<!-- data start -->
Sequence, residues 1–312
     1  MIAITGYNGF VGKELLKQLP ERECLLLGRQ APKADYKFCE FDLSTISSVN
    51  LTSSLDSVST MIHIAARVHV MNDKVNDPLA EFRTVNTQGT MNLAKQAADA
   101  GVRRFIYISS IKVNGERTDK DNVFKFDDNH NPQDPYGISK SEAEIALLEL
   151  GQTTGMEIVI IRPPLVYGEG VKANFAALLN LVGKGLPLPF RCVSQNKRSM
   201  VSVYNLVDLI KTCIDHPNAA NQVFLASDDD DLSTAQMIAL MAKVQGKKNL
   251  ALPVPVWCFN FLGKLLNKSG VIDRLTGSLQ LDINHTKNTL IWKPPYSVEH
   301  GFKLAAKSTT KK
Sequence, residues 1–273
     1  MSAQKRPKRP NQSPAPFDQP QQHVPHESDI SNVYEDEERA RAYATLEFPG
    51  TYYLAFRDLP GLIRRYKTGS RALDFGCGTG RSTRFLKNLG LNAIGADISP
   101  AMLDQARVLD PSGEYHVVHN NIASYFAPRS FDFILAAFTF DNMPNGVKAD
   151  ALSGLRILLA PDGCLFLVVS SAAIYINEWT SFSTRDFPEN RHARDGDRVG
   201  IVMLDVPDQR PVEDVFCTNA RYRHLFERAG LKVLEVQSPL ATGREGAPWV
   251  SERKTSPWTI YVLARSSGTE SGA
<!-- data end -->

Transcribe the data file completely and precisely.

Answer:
Sequence, residues 1–312
     1  MIAITGYNGF VGKELLKQLP ERECLLLGRQ APKADYKFCE FDLSTISSVN
    51  LTSSLDSVST MIHIAARVHV MNDKVNDPLA EFRTVNTQGT MNLAKQAADA
   101  GVRRFIYISS IKVNGERTDK DNVFKFDDNH NPQDPYGISK SEAEIALLEL
   151  GQTTGMEIVI IRPPLVYGEG VKANFAALLN LVGKGLPLPF RCVSQNKRSM
   201  VSVYNLVDLI KTCIDHPNAA NQVFLASDDD DLSTAQMIAL MAKVQGKKNL
   251  ALPVPVWCFN FLGKLLNKSG VIDRLTGSLQ LDINHTKNTL IWKPPYSVEH
   301  GFKLAAKSTT KK
Sequence, residues 1–273
     1  MSAQKRPKRP NQSPAPFDQP QQHVPHESDI SNVYEDEERA RAYATLEFPG
    51  TYYLAFRDLP GLIRRYKTGS RALDFGCGTG RSTRFLKNLG LNAIGADISP
   101  AMLDQARVLD PSGEYHVVHN NIASYFAPRS FDFILAAFTF DNMPNGVKAD
   151  ALSGLRILLA PDGCLFLVVS SAAIYINEWT SFSTRDFPEN RHARDGDRVG
   201  IVMLDVPDQR PVEDVFCTNA RYRHLFERAG LKVLEVQSPL ATGREGAPWV
   251  SERKTSPWTI YVLARSSGTE SGA